I got a lot of sewing done last weekend. I’m nearly finished with it! Here are some details to pique your interest:
A trail of pins marches off into the distance… What strange construction is this?
At least 8 layers of fabric, all at once. Plus, I hadn’t noticed til now that my thread isn’t through the last tension bit. Good to know.
And finally, a tantalizingly large photo of project and workspace. Peacock feathers make everything better.
I should be able to get it finished soon, but there will still be lots of tweaks to make. But that’s why we make mockups of our New and Interesting Ideas, right?
Shh by Ye Olde Wig Shoppe
I’m working on a secret project! It’s going a little more slowly than I want, but efficiency is hard work.
It involves lumber ties! And saucyness. And pattern drafting.
So far I’ve drafted the pattern, figured out the construction steps, re-drafted the pattern (yay painter’s paper from Lowes!), ironed the fabric, cut out the fabric, sewn the first couple of steps, and ironed them.
There really is a lot of not-sewing in sewing.
Now I am thwarted by my lack of bias tape. You would not believe the amount of traffic I have to fight to get to the bias tape store. It’s ridiculous. If they were an all night bias tape store, I would go after dinner, but they are not. And I don’t really blame them. Not everyone needs bias tape at all hours of the day and night.
This weekend was a busy one, and I just couldn’t get into the groove. I’m not in hysterics over the trim, but I’m also not wearing the corset. I’m taking B’s advice and running headlong at the problem in the spirit of punk rock. I settled on one patterned ribbon, one solid ribbon, and probably some self-fabric pleated lengths.
But I got more work done on my matching hair!
Hoarding shiny things is turning out well for me at this point. I attached all sorts of things to the wool dreads. Brass coins, copper and gold beads, bone beads carved to look like skulls, jinglies. I also braided up some soft chenille yarn. I think I’m going to use the fabric scraps to make a head wrap to hide my roots when I put the hair in.
Last week I did some research on Victorian hairstyles, and there are definitely some things that are dread-able. I’ll probably try to coil some high up at the crown and then have some hanging down below.
Look at this delicious bit of fittedness:
I’m really, really proud of myself.
I’ve gotten tons more done since last I blogged. Finished flatlining…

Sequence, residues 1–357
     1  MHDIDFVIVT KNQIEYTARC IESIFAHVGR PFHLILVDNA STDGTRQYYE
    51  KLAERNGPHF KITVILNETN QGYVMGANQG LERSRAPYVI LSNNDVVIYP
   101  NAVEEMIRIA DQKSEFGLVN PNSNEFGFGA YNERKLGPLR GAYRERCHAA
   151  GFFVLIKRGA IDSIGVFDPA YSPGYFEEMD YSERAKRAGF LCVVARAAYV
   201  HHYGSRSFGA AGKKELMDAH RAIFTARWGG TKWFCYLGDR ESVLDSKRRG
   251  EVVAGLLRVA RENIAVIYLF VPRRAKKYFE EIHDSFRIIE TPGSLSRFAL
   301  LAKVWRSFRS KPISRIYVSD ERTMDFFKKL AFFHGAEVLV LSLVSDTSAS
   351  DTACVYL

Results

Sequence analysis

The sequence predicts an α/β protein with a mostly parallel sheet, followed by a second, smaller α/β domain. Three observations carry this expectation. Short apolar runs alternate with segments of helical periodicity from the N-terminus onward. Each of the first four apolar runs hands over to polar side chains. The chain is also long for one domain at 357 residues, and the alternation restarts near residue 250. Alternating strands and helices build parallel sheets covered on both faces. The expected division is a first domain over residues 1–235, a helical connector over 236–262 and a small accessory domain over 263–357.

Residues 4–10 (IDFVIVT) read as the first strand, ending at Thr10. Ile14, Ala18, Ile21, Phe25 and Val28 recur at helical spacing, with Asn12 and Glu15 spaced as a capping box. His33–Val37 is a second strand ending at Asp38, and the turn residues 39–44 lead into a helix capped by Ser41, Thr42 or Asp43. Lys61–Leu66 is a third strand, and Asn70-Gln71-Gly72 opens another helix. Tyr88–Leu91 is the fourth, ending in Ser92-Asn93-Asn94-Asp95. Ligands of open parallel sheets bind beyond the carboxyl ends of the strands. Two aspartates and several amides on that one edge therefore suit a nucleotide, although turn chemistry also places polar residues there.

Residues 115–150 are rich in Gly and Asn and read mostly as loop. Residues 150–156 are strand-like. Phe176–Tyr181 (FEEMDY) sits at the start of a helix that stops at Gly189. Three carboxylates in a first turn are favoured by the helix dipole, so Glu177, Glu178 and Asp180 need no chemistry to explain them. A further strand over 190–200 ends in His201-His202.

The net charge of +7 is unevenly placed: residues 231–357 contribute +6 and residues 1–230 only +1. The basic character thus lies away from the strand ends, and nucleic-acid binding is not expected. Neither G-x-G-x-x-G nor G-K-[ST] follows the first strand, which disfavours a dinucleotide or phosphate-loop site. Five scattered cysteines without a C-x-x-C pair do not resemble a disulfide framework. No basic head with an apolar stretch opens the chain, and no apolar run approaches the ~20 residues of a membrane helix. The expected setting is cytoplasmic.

…and moved on to assembling the back piece. Lots of hand-basting, which I actually really enjoy. Especially since I got some new basting needles which are long and sharp.
Once the side pleats are basted, the top gets pleated onto a piece of twill tape.
Then you sew it to the back pieces. The above picture is actually just the pleating, not the attaching, and it’s kind of a mess now with all the stitching, but it’ll be pretty strong. The trick is to attach it only to the interlining, not the outer fashion fabric. Tricky indeed.
Here’s how it looks after I sewed the back pieces together:
Makes a lovely chair cover!
Darts! I marked them very carefully (while watching The Corpse Bride, fun movie to sew along with) and then sewed them veeerrrrrrryyyy sllllooooowwwwlllyyyy. Started toward the middle and continued out toward the point, then broke the thread and went back from the middle in the other direction, as I learned from The YouTube Videos. This intarwebs thing is pretty cool!
So then I tried it on, first just over my shirt, then over my corset+shirt:
You can totally see the difference. Kate was absolutely right and I never questioned her, but I was very curious to see the difference for myself. The corset kind of turns that part of you into a dressform and you don’t need ease there. I sat down in it and nothing changed. Verrry interesting.
There’s even a bit of extra room! You can see I’m quite pleased with myself. I’m probably going to turn the neckline just like that for a simple lapel look.
One of the big problems is the extra fabric above the bust. As B put it, I do not have a “shelf” even wearing the corset. Here’s the solution I finally came up with when we got it all pinned for the actual fitting:
I extended the frontmost darts all the way up and over the bust to take in the extra bulk between bust and shoulder. The instructions call for dart adjustments to be made equally from the same point on all 4 darts, but there was nothing to help with the extra bulk up top. It’s still overing above my chest, but I can’t get it to lay flat and it looks kind of dramatic, which is always a plus.
ETA: I just realized that we pinned the front closed improperly – it should be 1″ stitching line against 1″ stitching line, rather than against the edge. Because of the buttons. So back to the fitting process I shall go next time around. This is all good stuff to mess up in the mockup phase, before I go nuts and shred the nice fabric. Speaking of which…
And one more before I go. Just a little teaser pic of the fabric and trim for version 1.0.